here endeth my lecture.
ps yes i am considered eccentric by my friends and family but thats how i like it Grin
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« Reply #43 on: February 26, 2007, 04:42:36 pm »

How do I work my steampunk style into my everyday clothing?

I work in an office 40 hrs a week where I have to be in business casual. Fortunately, this includes for me a wide variety of options. I am a woman but I find myself in menswear on a regular basis--today's outfit is a black pantsuit with a classic cut, a silk tie and a pocketwatch. I guess it's CORPORATE STEAMPUNK *l0lz, chuckles*. I wear a lot of pinstripes and leather boots. Dressdown Fridays for me sometimes include my most modest vintage goggles and jewelry made of lucite and dead tech. I try to repeat printed or integrated motifs in my wardrobe such as circuits and gears, because obviously a full hoopskirt and corset would be entirely inappropriate for the office. I do have a nice collection of fancy stockings and practical shoes. Long velvet vintage coats and my top hat are to some extent appropriate for me because of the cold weather and because I do work in an office--so long coat equals dressed up, not 'weirdo' as long as I keep my accessories modest.

When I do dress up steampunk, I usually don a tiny top hat and veil, a pinstriped corset, some sort of handmade skirt, goggles, etc. I am not afraid to wear these clothes out to a cheap, dank, local dive or to a fine restaurant. I often crossdress too--I own a very nice Edwardian tuxedo scavenged off of Ebay for mere pennies and altered by my tailor for length. I make my own ascots out of tattered fabric scraps. When things tear, I stitch them back together or pin them and hope for luck. I try to sew as much as I can, buy secondhand as often as I can, and if I can't make my own garments, I look for handmade online--supporting small businesses and artists is positive.

My day-to-day steampunk garments look more aristocratic than I'd like, but I must keep up appearances in order to hold my job.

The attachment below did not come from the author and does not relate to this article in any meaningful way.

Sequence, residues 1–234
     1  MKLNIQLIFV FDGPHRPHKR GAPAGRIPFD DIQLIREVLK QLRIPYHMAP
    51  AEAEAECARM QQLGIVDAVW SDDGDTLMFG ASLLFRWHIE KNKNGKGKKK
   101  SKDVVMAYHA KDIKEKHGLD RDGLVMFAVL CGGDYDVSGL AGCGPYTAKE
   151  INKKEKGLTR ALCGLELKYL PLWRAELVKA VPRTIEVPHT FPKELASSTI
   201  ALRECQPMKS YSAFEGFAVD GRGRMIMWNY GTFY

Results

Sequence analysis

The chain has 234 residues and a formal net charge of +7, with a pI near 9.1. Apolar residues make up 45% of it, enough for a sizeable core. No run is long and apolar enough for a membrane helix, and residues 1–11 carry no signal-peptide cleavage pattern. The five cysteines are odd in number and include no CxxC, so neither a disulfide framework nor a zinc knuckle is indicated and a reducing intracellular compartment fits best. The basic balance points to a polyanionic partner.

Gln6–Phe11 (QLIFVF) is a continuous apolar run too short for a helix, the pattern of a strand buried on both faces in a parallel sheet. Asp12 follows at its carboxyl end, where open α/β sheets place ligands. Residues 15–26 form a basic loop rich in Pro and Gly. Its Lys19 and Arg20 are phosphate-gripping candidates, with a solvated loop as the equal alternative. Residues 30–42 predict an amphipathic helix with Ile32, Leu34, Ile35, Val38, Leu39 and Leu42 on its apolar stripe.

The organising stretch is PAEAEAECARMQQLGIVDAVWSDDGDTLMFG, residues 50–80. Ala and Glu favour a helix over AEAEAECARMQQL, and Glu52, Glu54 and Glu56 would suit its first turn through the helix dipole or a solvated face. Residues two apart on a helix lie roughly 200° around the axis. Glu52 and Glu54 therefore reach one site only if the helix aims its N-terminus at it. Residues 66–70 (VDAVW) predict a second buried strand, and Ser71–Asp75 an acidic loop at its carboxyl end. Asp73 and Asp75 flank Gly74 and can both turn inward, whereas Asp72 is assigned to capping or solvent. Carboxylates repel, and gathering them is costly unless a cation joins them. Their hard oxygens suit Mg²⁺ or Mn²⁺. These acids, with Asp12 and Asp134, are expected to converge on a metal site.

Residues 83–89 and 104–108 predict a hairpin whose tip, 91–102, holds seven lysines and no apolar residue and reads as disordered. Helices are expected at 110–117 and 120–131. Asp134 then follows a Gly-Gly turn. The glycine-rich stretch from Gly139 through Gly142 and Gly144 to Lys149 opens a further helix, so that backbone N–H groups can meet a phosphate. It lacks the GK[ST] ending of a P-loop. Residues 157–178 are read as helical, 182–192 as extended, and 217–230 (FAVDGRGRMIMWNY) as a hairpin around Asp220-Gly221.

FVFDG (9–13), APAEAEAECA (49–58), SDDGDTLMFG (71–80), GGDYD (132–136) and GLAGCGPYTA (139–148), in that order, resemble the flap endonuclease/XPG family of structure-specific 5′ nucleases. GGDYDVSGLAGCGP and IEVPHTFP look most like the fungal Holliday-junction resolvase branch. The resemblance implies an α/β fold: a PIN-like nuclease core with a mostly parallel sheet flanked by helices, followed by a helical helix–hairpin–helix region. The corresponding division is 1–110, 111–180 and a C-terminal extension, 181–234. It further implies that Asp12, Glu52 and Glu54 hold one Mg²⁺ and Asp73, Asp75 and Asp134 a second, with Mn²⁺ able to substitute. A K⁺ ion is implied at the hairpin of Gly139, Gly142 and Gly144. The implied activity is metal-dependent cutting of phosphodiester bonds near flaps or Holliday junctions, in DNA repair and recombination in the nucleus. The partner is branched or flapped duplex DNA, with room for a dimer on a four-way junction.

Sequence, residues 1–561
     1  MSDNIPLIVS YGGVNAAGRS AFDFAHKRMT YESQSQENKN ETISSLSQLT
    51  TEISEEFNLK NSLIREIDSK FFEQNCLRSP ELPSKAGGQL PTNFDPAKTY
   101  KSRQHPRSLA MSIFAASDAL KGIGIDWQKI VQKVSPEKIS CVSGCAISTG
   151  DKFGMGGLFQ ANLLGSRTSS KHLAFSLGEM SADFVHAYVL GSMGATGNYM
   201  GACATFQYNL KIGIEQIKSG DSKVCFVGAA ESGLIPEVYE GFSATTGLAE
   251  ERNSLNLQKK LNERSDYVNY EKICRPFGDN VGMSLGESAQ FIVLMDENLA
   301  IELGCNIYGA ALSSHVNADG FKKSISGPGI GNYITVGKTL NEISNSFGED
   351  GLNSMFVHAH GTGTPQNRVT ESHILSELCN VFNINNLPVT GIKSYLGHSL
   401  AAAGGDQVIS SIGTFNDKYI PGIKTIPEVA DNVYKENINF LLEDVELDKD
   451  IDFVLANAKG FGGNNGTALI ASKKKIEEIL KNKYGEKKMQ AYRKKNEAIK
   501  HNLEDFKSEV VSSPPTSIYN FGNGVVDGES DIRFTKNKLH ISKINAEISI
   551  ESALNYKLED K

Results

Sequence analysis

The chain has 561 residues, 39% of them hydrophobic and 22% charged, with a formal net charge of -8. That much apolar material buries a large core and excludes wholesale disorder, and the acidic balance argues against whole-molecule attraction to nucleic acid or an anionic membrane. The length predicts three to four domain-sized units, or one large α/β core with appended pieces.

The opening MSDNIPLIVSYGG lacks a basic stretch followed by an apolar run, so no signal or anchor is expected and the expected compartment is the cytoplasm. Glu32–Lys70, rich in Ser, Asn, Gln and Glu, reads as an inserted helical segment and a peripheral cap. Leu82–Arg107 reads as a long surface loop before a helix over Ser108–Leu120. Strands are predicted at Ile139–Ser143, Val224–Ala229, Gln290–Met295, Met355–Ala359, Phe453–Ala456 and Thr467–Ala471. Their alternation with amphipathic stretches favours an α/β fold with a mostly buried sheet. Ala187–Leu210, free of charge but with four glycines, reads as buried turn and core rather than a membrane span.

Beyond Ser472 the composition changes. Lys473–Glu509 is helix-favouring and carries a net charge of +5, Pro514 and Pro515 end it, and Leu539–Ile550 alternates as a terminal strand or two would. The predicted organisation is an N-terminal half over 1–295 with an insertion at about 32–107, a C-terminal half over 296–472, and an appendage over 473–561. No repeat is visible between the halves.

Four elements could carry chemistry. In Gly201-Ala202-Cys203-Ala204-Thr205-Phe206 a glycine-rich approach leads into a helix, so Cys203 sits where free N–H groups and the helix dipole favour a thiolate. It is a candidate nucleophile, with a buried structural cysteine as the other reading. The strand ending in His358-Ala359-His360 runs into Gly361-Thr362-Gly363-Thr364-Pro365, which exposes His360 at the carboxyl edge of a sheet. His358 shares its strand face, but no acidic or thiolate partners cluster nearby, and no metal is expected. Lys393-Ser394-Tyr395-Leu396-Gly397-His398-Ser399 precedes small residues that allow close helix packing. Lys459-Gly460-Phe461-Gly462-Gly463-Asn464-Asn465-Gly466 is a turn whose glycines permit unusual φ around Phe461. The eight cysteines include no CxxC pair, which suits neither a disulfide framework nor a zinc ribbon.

I would like to have clothing that works somehow--that has its own internal machinery so that it is doubly useful but I haven't been able to entirely engineer that yet. Thoughts?
« Last Edit: February 26, 2007, 04:47:28 pm by exoskeletoncabaret » Logged
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« Reply #44 on: February 27, 2007, 12:10:52 am »

Yes you can put a box on your computer that makes it look like it's powered by coal, but it isn't (at least, not directly). It's just costuming appliances and calling it "Steampunk"...

::Looks up, startled::  Whaa--hey--that was directed at me!  I'm with Jon; leave me out of the whole counterculture, greater purpose/meaning mumbo jumbo.  I just want to talk fancy, collect goggles, look at things with smoke stacks, and tinker about with gleaming metal!
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« Reply #45 on: February 27, 2007, 02:32:51 am »

LoL, no worries, that was just an aimless example. No singling out of you was intended ^_Q
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« Reply #46 on: February 27, 2007, 07:07:15 am »

Yes you can put a box on your computer that makes it look like it's powered by coal, but it isn't (at least, not directly). It's just costuming appliances and calling it "Steampunk"...

::Looks up, startled::  Whaa--hey--that was directed at me!  I'm with Jon; leave me out of the whole counterculture, greater purpose/meaning mumbo jumbo.  I just want to talk fancy, collect goggles, look at things with smoke stacks, and tinker about with gleaming metal!

Hey everybody!! their going to have a DUEL!!!
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Cory
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« Reply #47 on: February 27, 2007, 04:12:15 pm »

LoL, no duels here!

Though I have been thinking about hanging up my goggles for a bit, since I'm apparently just a poser who thinks they can buy their way into Steampunk by watching movies and stuff ^_Q
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« Reply #48 on: February 27, 2007, 04:22:06 pm »

^_Q

Ah! I just got it, marvelous!  8-)>
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« Reply #49 on: February 27, 2007, 06:23:39 pm »

LoL, no duels here!


Awwwwwww Sad